Adobe Analytics Attribution IQ

05 Aug 2018 » Analytics Tips

Until last Thursday, I had an idea of what would this week’s post was going to be about. However, on Friday, it all changed. I saw the internal presentation of Attribution IQ and I changed my mind. I know there are a few series I have not finished, but I think this is more important. But do not worry, I will resume my other series soon. Let’s dive into Attribution IQ!

Attribution modelling

According to the Wikipedia,

[…] attribution is the identification of a set of user actions (“events” or “touchpoints”) that contribute in some manner to a desired outcome, and then the assignment of a value to each of these events.

The main goal is to fine tune marketing spend, increasing the budget of those campaigns that drive more conversion and reducing it for those other campaigns attracting less customers or even stop useless campaigns.

Problem with attribution

purchase funnel diagram
(By Steve simple - Own work, CC BY 3.0, Link)

In many verticals, a conversion only happens after the customer has done enough research on the product or service he is going to purchase. This means the customer may come to the website from different traffic sources in the course of various days: paid search, social media, newsletter, organic search… So, when he finally converts and purchases, which traffic source (or campaign) gets the credit?

There is no “correct” answer to that, but you need to consider the impact of the how you distribute the credit. Consider the following example:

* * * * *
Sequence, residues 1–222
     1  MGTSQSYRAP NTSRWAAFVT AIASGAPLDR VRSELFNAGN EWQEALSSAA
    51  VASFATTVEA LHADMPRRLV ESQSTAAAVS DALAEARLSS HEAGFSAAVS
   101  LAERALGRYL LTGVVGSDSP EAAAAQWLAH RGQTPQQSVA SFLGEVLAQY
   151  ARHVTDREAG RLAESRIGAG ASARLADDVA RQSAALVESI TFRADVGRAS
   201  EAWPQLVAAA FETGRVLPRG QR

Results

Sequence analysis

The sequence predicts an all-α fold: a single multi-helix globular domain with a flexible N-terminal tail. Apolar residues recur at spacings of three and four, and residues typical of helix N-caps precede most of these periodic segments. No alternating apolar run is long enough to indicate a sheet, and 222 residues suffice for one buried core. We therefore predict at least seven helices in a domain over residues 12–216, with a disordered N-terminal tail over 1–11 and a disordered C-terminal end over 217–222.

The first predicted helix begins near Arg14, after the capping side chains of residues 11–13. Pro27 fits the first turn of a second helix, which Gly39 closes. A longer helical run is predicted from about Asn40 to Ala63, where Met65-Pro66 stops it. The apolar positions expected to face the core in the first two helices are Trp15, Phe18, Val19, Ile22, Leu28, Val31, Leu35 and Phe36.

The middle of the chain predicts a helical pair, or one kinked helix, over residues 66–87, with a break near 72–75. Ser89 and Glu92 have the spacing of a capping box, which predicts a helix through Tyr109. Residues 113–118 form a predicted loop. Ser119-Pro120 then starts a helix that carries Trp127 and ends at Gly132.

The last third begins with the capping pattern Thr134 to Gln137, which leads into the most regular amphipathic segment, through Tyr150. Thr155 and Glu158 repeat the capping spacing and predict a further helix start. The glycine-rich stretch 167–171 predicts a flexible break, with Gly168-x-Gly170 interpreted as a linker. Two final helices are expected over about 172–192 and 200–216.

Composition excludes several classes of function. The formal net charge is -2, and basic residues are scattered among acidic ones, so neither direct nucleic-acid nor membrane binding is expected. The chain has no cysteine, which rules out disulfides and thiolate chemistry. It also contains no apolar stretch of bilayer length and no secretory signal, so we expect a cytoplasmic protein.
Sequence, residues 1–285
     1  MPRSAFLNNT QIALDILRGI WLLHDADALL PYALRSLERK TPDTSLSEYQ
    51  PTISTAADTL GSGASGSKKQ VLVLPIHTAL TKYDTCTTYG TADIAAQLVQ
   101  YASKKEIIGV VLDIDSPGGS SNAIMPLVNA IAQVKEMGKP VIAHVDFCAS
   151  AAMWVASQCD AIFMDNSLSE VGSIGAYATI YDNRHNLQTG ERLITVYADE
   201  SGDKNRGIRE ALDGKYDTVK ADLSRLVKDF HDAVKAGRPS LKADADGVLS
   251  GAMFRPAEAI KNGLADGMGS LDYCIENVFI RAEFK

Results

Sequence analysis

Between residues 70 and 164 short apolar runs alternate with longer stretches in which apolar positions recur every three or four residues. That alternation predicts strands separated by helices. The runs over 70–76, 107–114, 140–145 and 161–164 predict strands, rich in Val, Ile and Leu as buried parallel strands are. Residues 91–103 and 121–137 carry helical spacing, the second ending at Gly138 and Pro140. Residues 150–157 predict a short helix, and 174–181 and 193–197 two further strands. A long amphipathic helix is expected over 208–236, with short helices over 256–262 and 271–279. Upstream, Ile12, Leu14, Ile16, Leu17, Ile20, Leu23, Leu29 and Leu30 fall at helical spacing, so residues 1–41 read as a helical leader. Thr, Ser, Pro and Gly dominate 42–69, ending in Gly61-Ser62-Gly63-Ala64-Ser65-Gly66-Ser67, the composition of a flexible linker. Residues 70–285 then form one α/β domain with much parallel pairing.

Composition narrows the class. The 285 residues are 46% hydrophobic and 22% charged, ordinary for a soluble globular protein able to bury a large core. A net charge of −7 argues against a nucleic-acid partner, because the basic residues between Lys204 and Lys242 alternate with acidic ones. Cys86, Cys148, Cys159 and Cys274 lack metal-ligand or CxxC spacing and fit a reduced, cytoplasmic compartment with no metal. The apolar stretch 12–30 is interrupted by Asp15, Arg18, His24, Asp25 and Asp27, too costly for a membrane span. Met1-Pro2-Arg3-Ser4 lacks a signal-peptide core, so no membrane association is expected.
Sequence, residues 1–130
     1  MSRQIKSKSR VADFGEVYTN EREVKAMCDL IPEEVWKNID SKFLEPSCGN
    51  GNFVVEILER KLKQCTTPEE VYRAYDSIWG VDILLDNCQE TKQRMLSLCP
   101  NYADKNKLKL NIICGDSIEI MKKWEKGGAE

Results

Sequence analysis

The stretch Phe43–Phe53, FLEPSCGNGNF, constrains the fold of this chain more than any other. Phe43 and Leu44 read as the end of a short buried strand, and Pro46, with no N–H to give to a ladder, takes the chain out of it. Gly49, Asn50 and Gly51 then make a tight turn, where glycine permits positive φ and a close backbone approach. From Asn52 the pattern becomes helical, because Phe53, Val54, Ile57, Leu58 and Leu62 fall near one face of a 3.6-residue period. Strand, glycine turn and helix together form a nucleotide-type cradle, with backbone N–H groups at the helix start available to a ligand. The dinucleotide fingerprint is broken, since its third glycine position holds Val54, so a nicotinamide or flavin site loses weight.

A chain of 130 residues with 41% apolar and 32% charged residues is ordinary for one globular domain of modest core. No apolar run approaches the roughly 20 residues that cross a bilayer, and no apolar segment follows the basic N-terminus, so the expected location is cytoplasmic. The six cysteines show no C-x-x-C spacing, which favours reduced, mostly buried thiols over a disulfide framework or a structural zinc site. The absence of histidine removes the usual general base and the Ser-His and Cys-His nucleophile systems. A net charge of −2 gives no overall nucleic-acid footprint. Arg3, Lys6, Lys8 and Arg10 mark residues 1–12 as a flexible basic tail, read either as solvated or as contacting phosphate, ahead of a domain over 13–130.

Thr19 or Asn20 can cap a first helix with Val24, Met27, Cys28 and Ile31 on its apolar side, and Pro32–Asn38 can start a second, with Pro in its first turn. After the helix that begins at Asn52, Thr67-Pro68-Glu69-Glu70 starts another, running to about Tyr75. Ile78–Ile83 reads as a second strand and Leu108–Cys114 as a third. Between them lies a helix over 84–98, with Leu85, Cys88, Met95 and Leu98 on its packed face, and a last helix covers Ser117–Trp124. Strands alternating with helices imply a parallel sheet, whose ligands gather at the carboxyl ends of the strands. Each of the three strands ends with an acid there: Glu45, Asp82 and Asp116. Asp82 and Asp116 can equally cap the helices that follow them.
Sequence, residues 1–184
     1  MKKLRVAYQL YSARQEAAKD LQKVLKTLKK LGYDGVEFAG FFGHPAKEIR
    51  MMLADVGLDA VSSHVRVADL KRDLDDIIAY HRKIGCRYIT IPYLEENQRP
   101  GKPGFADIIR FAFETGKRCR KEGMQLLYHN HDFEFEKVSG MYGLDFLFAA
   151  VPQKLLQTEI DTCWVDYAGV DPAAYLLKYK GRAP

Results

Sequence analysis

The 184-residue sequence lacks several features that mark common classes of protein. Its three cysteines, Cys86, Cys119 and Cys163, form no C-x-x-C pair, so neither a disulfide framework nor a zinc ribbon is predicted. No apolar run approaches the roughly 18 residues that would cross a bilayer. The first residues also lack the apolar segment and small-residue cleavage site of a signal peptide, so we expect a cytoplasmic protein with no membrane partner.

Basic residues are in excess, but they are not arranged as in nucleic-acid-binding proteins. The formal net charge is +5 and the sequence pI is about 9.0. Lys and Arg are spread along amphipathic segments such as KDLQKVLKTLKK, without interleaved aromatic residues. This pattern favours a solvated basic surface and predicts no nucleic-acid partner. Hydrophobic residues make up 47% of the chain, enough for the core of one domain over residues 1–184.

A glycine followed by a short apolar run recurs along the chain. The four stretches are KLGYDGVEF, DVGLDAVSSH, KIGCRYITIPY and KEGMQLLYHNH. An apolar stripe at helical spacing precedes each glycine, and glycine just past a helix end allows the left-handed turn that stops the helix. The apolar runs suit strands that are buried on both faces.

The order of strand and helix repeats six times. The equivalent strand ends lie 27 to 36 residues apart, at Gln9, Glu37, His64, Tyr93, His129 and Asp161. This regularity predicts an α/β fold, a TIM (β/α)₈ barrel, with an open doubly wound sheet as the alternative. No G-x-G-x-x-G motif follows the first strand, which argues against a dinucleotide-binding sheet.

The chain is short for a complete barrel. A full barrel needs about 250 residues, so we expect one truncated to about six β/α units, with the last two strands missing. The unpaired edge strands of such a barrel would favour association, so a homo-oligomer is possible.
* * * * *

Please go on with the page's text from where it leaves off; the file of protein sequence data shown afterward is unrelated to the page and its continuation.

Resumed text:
• Attribution is last touch: the campaign, through which the customer reached your website just before converting, gets all the credit
  • Amongst others, you are running an awareness campaign
  • This awareness campaign is bringing a lot of potential customers to your website, many of which convert after a while
  • Due to the cost of your products, customers need some time before they convert
  • The typical last touch is organic search

In this situation, your analysis would show that most of the conversions are due to organic search and very few due to the awareness campaign. Consequently, you would increase the budget for SEO and reduce or remove the budget for the awareness campaign. This will probably be a disaster, because your awareness campaign is driving many potential customers, who, otherwise, would not know of your offering. In the end, you would be getting less conversions instead of more.

Note that I consider “organic search” as a campaign. People see organic traffic as free, but they forget that you need to pay an SEO expert to get your website fine tuned for search engines. To me, this qualifies as a campaign, as it has a budget and a conscious effort.

Solutions to the attribution problem

Data Analytics have been creating different models to solve this issue, some of which have become more popular than others. The idea is to distribute the credit between some or all campaigns or touchpoints, following different patters:

  • First and last touch. This is the simplest of all. The conversion is fully credited to the first or the last campaign the customer used to get to your product. All other touchpoints are completely ignored. As I have explained earlier, it has some limitations that you need to consider.
  • U-model. Position-base model, which attributes 40% to the first touch, 40% to the last touch and 20% evenly distributed across all other touchpoints.
  • J-model. Position-base model, which attributes 20% to the first touch, 60% to the last touch and 20% evenly distributed across all other touchpoints.
  • Linear distribution. All touchpoints get equal distribution.
  • Time decay. Attribute more the the touchpoints closer to the conversion and less to the touchpoint more distant in the past.

As I said earlier, there is no right or wrong here. But you can use the knowledge you get from these models to make an educated decision on how to distribute your budget.